Additionally, I felt like there was potential value in what we had developed over the first half of the year. It wasn’t sunk cost, but that I saw resources that were just missing the mark:
⦁ A decent sales page with good testimonials.
⦁ Intel about advertising, the market, the obstacles, the players, and the pitches.
⦁ A tool that we developed iteratively through each SiteRescue to increase the speed in which we could recover websites.
⦁ A solid process that provided a lot of value for the customers who hired us.
⦁ Content that was capturing around 40% of the available traffic for key terms.
It felt like I had a crappy band, but that there was promise in the guitar player, drums, and vocalists. I just had to figure out a way to bring them into harmony.
The decision was painful. On the one hand, it could work. On the other hand, I could waste another six months trying to make it work.
In the end, I decided to create no more content, back burner the service, but continue to tweak and test PPC and our pitch. I give myself three days in the next quarter to do this and decided that I would reevaluate at the beginning of the fourth quarter.
As of today, SiteRescue isn’t dead. There are a few alternate approaches to investigate for it, but it’s mainly sidelined and I have shifted my focus to what will follow.
6 Key Takeaways
1) Relevant Traffic != Customers
What if we could double our organic traffic? Nothing would happen because organic traffic doesn’t convert. 400 × 0 = 0. 800 × 0 = 0. Even focused, seemingly commercial, keywords like, “clean hacked joomla site,” or “hacked joomla site fix” don’t convert. As I write this, we continue to rise through the rankings and are in the top three for some keywords. Nothing has changed.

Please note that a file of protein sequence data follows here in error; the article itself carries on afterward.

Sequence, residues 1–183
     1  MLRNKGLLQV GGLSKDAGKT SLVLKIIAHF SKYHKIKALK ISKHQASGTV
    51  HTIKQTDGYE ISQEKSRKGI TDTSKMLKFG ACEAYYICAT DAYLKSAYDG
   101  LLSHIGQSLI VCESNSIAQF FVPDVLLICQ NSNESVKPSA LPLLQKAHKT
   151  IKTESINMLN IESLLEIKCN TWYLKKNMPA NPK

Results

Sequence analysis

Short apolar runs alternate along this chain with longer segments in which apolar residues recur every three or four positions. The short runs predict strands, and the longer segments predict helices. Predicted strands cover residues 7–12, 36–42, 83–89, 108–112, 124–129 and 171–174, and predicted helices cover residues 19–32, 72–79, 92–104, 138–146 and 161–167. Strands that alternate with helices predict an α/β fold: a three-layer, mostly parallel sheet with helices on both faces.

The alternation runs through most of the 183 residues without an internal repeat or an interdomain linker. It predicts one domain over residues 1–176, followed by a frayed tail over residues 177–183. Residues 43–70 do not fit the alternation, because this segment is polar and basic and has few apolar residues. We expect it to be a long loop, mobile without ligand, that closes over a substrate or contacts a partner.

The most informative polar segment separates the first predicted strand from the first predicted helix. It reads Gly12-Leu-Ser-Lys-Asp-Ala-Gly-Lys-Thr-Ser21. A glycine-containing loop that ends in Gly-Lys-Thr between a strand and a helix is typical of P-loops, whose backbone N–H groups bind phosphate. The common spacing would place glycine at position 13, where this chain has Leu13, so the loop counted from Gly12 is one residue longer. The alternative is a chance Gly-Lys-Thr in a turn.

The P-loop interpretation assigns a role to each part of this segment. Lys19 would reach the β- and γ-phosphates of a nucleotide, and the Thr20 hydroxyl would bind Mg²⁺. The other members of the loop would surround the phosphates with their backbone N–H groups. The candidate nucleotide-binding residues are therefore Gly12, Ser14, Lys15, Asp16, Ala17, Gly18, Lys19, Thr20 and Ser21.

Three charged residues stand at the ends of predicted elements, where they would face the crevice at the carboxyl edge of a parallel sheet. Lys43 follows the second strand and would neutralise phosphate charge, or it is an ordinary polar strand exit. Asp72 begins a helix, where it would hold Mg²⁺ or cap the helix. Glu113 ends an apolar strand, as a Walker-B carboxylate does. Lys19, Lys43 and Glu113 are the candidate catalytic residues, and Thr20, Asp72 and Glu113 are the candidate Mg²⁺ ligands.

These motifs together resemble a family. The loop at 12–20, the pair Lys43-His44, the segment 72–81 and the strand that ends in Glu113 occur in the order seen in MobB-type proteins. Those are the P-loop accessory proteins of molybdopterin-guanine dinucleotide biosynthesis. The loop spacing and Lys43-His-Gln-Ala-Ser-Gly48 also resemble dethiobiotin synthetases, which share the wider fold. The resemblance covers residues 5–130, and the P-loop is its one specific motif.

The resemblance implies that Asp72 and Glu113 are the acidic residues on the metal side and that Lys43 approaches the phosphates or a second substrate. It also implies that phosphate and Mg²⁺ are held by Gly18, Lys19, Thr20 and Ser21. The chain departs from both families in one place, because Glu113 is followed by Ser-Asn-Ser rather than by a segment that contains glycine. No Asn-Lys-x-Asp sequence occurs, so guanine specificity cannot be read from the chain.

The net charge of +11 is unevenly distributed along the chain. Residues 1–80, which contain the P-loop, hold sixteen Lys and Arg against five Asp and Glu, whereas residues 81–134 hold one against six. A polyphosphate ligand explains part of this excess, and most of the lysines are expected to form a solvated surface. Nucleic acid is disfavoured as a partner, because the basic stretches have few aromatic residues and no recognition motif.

I can’t say exactly why this is because SiteRescue doesn’t have well-defined customers that we could interview, but I suspect that Joomla’s large do-it-yourself style market is why the content is engaging, but will rarely sell a higher end service. Most visitors are interested in information and tools, not services.
Traffic is not the same as customers and cannot replace customers.
2) Confirmation Bias Is a Bitch
I jumped too soon based off of one quick sale. I was sure that the idea would work because the only missing piece was the marketing and I knew that I could get traffic. What I had was a few recent related consulting sales and one direct sale and an assumption about SEO that was incredibly risky. I wanted it to work and was seduced to the dark side of, “this feels like a winner.” I was a blind to the risk.
3) Identify and Either Test or Eliminate Deal Killer Risk
My business model was based on a huge assumption: that SEO would be the main channel and would give us around 4 – 5 sales a month. The “side” channel of PPC turned out to be the main one and it was much more competitive than SEO. I thought that PPC would likely give us 0 to 1 sales a month and this turned out to be more accurate (unfortunately.) 0 – 1 sale wouldn’t meet my goal unless I was selling a $20,000 service.
There is no way to test to resolve the risk in this scenario because who knows how organic traffic converts until you have it? However, going forward, I would want a business to succeed via another, testable, channel and have SEO be an auxiliary to turn to once the model works. (More on types of risk here: Beating the Odds When You Launch a New Venture)
4) Speed to Market Is Less Important Than Feedback Loop Length